Interestingly, B-cell engineering offers potential as an improved means of vaccination. In May of 2019, Howell et al. published findings in Scientific Immunology showing that B-cells edited to express antibodies countering respiratory syncytial virus (RSV) produced highly effective and long-lasting protection from RSV infection in mice (Moffett et al., 2019). Such findings convey that sterilizing immunity to pathogens can be accomplished in a more effective manner than current vaccination methods are able to induce or sustain.

Though great strides have been made, moving forwards, many further steps are needed for B-cell therapies to become viable in the future. Up to now, studies have used mice, however, larger animal models more related to human immunology are required to gain more practical insights. Further, studies must be conducted long-term to assess the durability of antibody production and memory in edited B-cells (Rogers & Cannon, 2021). Additionally, novel methods of delivering B-cell therapies to patients must be developed to make B-cells commercially viable and accessible on a broad scale. Engineered B-cells should be manufactured en masse from universally matching batches of unrelated donor cells (i.e. allogeneic) instead of an exclusive therapy manfactured from a single sample of patient-related donor cells (i.e. autologous). Current studies propose using B-cells from induced pluripotent stem cells, which is currently being investigated for use in CAR T cells (French et al., 2015).

Today, genetically engineered B-cells present a great capacity as a highly effective immunotherapy for particular autoimmune disorders, cancers, chronic infectious diseases, and pathogens. Further experimentation is required to progress B-cell gene therapy to human trials, however, in the near future, we are likely to see B-cells accompany CAR T-cells as a novel immune cell therapy. In the far future, the broad and holistic applications of engineered B-cells may become the basis of future immunotherapies, vaccines, and disease treatments.


  1. Akkaya M, Kwak K, Pierce SK. B cell memory: Building two walls of protection against pathogens. Nature Reviews Immunology [Internet]. 2019Dec13 [cited 2022Nov29];20(4):229–38. Available from:
  2. Alberts B, Johnson A, Lewis J, Raff M, Roberts K, Walter P. Chapter 24: The Adaptive Immune System. In: Molecular Biology of the Cell [Internet]. 4th ed. New York, NY: Garland Science; 2002 [cited 2022Nov28]. Available from:
  3. Ellis GI, Sheppard NC, Riley JL. Genetic engineering of T cells for immunotherapy. Nature Reviews Genetics. 2021Feb18;22(7):427–47. French A, Yang C-T, Taylor S, Watt SM, Carpenter L. Human induced pluripotent stem cell-derived B lymphocytes express SIGM and can be generated via a hemogenic endothelium intermediate. Stem Cells and Development [Internet]. 2015May [cited 2022Dec8];24(9):1082–95. Available from:
  4. Hirakawa MP, Krishnakumar R, Timlin JA, Carney JP, Butler KS. Gene editing and CRISPR in the clinic: Current and future perspectives. Bioscience Reports [Internet]. 2020Apr9 [cited 2022Nov26];40(4). Available from: RISPR-in-the-clinic-current-and
  5. Johnson MJ, Laoharawee K, Lahr WS, Webber BR, Moriarity BS. Engineering of primary human B cells with CRISPR/Cas9 targeted nuclease. Scientific Reports [Internet]. 2018Aug14 [cited 2022Nov29];8(1). Available from:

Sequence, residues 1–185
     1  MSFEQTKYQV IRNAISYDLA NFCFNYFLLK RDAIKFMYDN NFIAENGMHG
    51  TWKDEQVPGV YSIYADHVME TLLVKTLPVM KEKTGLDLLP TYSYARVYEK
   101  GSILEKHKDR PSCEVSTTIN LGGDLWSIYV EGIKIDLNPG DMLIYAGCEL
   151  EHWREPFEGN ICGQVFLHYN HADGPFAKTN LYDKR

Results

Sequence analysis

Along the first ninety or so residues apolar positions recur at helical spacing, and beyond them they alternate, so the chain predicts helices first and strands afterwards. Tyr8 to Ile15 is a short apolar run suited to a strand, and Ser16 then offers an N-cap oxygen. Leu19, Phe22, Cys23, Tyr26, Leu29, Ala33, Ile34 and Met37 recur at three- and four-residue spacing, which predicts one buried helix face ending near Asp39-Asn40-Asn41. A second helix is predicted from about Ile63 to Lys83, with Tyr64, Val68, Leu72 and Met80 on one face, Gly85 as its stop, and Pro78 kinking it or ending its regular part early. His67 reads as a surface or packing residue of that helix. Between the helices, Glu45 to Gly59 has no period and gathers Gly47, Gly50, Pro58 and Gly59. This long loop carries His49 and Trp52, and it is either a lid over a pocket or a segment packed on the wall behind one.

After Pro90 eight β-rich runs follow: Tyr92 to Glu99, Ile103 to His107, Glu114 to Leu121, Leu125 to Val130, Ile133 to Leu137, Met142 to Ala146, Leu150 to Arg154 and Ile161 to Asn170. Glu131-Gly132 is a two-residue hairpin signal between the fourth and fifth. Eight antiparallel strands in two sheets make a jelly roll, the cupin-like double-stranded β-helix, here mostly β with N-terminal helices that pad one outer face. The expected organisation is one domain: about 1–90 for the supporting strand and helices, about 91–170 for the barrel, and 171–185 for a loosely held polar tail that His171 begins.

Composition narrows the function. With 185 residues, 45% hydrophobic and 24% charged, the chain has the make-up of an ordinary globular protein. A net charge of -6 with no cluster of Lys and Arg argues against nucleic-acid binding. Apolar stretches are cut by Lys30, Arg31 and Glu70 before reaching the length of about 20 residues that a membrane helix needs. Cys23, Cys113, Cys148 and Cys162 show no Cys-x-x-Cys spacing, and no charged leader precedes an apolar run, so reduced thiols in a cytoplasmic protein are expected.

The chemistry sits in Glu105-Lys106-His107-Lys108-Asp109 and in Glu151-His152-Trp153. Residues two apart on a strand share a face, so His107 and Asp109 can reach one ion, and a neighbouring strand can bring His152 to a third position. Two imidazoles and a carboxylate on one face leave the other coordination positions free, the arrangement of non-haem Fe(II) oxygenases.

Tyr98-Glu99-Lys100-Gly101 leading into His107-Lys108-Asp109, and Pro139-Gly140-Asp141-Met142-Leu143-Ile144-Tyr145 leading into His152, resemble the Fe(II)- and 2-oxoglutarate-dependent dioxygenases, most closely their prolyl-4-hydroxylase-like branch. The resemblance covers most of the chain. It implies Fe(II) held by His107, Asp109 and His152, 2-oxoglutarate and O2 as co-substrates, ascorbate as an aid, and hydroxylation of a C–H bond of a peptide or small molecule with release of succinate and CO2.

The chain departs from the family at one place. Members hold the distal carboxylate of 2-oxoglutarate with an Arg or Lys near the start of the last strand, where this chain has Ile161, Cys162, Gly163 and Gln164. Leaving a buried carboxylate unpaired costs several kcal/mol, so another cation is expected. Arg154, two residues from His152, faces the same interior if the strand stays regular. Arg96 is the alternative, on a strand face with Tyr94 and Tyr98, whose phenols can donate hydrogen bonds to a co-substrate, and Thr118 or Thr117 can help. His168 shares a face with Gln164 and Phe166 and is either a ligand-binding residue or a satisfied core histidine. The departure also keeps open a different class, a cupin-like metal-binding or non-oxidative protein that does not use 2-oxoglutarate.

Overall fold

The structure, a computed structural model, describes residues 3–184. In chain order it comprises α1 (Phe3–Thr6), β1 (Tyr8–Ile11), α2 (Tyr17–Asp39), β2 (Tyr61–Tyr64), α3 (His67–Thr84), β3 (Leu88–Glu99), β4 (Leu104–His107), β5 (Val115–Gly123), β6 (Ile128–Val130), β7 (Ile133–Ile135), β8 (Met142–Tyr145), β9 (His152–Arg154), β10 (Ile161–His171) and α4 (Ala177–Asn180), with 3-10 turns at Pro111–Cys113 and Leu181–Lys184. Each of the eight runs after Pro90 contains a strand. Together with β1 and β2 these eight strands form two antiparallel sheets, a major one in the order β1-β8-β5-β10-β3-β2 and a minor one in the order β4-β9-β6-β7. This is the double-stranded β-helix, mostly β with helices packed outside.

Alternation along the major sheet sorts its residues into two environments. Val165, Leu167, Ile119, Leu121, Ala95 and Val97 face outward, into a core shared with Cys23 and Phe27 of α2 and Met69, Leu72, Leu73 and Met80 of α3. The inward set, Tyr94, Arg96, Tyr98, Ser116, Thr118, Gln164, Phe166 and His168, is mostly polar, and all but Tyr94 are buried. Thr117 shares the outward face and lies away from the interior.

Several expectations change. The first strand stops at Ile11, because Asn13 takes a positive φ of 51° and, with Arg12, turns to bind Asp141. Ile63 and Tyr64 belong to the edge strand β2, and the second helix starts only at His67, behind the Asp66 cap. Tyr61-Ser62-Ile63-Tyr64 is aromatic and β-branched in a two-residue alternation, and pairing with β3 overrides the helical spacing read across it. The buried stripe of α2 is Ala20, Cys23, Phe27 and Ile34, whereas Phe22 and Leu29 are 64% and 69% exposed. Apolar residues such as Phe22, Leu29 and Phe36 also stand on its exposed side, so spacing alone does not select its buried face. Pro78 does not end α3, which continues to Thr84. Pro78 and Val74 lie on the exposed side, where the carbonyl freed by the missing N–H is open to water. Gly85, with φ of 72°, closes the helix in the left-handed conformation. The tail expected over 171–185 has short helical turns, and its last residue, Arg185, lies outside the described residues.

6. June CH, Sadelain M. Chimeric antigen receptor therapy. New England Journal of Medicine. 2018Jul5;379(1):64–73. Kuhlmann A-S, Haworth KG, Barber-Axthelm IM, Ironside C, Giese MA, Peterson CW, et al.
  7. Long-term persistence of Anti-HIV broadly neutralizing antibody-secreting hematopoietic cells in humanized mice. Molecular Therapy [Internet]. 2018Sep17 [cited 2022Dec6];27(1):164–77. Available from:
  8. Liebig TM, Fiedler A, Zoghi S, Shimabukuro-Vornhagen A, von Bergwelt-Baildon MS. Generation of human CD40-activated B cells. Journal of Visualized Experiments [Internet]. 2009Oct16 [cited 2022Dec4];(32). Available from:
  9. Luo B, Zhan Y, Luo M, Dong H, Liu J, Lin Y, et al. Engineering of α-PD-1 antibody-expressing long-lived plasma cells by CRISPR/Cas9-mediated targeted gene integration. Cell Death and Disease [Internet]. 2020Nov12 [cited 2022Dec6];11(973). Available from:
  10. Moffett HF, Harms CK, Fitzpatrick KS, Tooley MR, Boonyaratanakornkit J, Taylor JJ. B cells engineered to express pathogen-specific antibodies protect against infection. Science Immunology [Internet]. 2019May17 [cited 2022Dec4];4(35). Available from:
  11. Ouyang Y, Yin Q, Li W, Li Z, Kong D, Wu Y, et al. Escape from humoral immunity is associated with treatment failure in HIV-1-infected patients receiving long-term antiretroviral therapy. Scientific Reports [Internet]. 2017Jul24 [cited 2022Dec4];7(1). Available from:
  12. Rogers GL, Cannon PM. Genome edited B cells: A new frontier in immune cell therapies. Molecular Therapy [Internet]. 2021Nov3 [cited 2022Nov28];29(11):3192–204. Available from:
  13. Scott DW. Gene Therapy for Immunologic Tolerance: Using Bone Marrow-Derived Cells to Treat Autoimmunity and Hemophilia. Current Stem Cell Research & Therapy [Internet]. 2011Mar1 [cited 2022Dec4];6(1):38–43. Available from:
  14. Traxinger B. Engineering B cells to bypass vaccines [Internet]. Fred Hutch Cancer Center. Taylor Lab, Vaccine and Infectious Disease Division; 2019 [cited 2022Dec14]. Available from: